While the narrative these days around Orson Welles tends to focus on his unfinished films or the wacky work he did in the latter stages of his career, like editing pornos, it can’t be overstated that he was an absolutely brilliant filmmaker. Of course, there’s “Citizen Kane,” but even the studio-mangled “The Magnificent Ambersons” shines in its truncated form, “The Stranger” is an underrrated gem, and then there’s “Touch Of Evil.” It’s a flat out noir masterpiece and audiences in the U.K. are going to get to see it on the big screen once again this summer.
As with many of his films, Welles saw his original vision for “Touch Of Evil” manhandled by the studio. After submitting his rough cut to Universal, the studio hired Harry Keller to shoot additional material. After Welles saw this new cut, he issued a 58-page memo to the studio outlining the changes he deemed necessary — but these were mostly ignored, and the movie went out in a 95-minute version. However, in the ’70s Universal discovered a 108-minute cut in the archives, and in 1998, after lengthy legal entanglements, a new version of “Touch Of Evil” was released using Welles’ original memo as a guide. This is the closest we’ll get to what Welles would’ve wanted without him being able to do it himself, and simply put, the movie is a knockout.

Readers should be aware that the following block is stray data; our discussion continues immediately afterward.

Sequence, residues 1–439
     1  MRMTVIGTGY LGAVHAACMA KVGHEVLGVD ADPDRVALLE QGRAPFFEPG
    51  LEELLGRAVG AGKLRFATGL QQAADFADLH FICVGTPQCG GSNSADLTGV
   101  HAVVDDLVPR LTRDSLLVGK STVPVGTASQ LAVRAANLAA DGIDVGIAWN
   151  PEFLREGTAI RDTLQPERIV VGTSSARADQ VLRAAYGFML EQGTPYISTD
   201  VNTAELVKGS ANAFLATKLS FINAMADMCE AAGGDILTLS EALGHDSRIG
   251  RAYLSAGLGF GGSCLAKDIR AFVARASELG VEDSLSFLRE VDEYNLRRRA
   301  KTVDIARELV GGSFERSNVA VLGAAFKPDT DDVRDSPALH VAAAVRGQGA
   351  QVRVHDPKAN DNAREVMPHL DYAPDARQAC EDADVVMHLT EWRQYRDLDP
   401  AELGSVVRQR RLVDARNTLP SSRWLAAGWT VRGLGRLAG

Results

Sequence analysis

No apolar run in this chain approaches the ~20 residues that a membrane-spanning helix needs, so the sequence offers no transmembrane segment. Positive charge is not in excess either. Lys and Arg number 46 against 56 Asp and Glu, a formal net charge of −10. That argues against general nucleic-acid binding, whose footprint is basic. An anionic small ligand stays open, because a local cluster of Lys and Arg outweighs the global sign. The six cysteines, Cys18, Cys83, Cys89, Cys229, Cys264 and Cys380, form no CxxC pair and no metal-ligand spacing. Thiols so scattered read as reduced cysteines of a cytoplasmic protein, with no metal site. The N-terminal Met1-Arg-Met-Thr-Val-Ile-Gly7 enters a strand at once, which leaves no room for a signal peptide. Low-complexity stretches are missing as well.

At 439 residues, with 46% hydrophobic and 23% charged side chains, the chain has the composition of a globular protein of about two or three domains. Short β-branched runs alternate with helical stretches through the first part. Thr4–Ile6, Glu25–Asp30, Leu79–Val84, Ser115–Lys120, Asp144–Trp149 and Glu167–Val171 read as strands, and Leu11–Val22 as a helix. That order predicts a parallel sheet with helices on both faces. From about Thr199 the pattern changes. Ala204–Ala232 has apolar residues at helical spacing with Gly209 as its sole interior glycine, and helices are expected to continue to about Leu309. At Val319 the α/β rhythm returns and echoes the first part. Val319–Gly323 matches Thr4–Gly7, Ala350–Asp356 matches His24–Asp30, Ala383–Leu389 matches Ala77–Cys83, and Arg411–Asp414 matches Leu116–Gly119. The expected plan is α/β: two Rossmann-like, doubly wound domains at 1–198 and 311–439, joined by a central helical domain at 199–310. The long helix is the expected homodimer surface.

Starring Welles himself in one of his grimiest roles, along with Charlton Heston and Janet Leigh, from the opening moments of the fantastic tracking shot, you know that this tale of police corruption in a Mexican border town is going to be something remarkable. And it truly is.
“Touch Of Evil” hits the big screen in the U.K. on July 10th. Watch below.